Patients and psychiatrists seem to perceive treatment and medication side effects in a very different way. A randomised double-blind multicentre trial evaluated the effects of olanzapine and clozapine on subjective well-being and clinical outcome after 26 weeks of treatment in 114 patients with schizophrenia. The results revealed only a moderate correlation between SWN and PANSS scores, indicating the difference of perception between patients and psychiatrists [15]. Our results are in accordance with these findings, showing a moderate to weak correlation between SWN and PANSS scores.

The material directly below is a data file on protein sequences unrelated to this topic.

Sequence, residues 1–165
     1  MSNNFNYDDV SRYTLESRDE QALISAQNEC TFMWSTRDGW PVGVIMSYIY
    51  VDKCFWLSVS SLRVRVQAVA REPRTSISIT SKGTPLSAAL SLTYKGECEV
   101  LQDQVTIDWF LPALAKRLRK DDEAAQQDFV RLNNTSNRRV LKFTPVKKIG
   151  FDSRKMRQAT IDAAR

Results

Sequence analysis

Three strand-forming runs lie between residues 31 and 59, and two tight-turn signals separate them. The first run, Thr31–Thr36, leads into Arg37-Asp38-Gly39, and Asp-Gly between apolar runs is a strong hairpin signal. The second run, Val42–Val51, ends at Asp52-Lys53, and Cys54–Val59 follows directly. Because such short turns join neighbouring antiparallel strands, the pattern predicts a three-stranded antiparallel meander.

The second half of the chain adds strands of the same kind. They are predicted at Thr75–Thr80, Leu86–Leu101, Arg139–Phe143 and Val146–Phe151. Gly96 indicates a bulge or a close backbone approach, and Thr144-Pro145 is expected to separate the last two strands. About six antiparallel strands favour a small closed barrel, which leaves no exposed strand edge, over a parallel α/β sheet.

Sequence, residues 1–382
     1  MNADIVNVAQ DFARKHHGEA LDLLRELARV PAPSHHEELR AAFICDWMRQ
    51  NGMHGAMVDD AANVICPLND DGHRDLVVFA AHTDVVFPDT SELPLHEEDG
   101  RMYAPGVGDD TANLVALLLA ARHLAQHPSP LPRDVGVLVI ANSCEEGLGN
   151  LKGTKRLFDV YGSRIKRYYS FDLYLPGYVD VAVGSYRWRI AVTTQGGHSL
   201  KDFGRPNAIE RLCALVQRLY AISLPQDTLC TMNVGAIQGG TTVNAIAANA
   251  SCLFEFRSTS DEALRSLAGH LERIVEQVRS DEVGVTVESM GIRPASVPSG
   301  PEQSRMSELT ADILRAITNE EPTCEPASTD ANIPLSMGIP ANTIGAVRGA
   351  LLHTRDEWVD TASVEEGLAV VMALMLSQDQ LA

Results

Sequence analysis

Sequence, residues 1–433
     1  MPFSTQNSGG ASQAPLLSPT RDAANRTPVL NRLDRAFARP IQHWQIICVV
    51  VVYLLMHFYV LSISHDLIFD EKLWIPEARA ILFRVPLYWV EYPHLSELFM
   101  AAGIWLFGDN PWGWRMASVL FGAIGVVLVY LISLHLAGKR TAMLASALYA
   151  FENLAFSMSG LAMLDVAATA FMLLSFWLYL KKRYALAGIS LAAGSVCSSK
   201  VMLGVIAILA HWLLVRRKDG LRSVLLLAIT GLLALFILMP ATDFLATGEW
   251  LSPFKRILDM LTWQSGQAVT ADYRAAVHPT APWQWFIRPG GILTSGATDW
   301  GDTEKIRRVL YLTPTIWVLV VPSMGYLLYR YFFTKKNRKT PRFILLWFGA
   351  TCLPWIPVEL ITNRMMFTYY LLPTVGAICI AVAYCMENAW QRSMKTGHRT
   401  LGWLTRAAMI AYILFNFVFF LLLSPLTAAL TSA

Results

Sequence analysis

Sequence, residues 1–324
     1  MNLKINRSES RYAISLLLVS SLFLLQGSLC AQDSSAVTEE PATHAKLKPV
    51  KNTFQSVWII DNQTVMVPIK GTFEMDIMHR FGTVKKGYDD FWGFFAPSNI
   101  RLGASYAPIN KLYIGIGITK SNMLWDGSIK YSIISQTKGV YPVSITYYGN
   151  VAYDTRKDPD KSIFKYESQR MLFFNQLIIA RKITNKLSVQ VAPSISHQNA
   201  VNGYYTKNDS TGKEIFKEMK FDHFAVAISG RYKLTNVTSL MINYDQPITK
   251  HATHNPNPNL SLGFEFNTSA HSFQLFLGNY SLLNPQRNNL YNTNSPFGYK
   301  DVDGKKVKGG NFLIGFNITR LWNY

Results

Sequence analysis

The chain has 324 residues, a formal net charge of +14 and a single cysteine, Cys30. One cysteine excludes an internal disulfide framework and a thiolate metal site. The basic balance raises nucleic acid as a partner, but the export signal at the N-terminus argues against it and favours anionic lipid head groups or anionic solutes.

The majority of patients with schizophrenia seem to be satisfied with their life in general, although certain areas are most commonly described as dissatisfactory. Hofer et al. indicated partnership and mental health as the most commonly noted areas. They also concluded that SWB was negatively influenced by the depression/anxiety component of the PANSS, extrapyramidal symptoms and a negative attitude towards antipsychotics [16]. Side effects of antipsychotic medication are generally considered as a major source of subjective discomfort among patients, leading to poor SWB [17]. A study of 161 patients suffering from schizophrenia found that patients with side effects were less satisfied with life domains of subjective feelings and general activities than asymptomatic patients, and that QoL seems to be influenced by the patient's subjective response to side effects [18]. Patients receiving SGAs report a high perceived quality of life in various aspects of life, although metabolic disturbances seem to have a significant detrimental effect [19]. However, schizophrenic patients that, where switched from an SGA to a first-generation antipsychotic (FGA) for clinical reasons, reported no disadvantage concerning symptoms and quality of life over a 1-year period [20]. Moreover, a study of 1,462 patients with schizophrenia, treated either with FGAs or SGAs showed that both quality of life and symptom severity improved over the study period, regardless of the antipsychotic taken, indicating that the type of antipsychotic does not seem to have an effect on satisfaction with life [21]. Tempier et al. found that patients receiving SGAs had lower scores in certain items about social relationships than patients receiving FGAs, which may be at least partially attributed to the fact that patients receiving SGAs have greater expectations from life [22].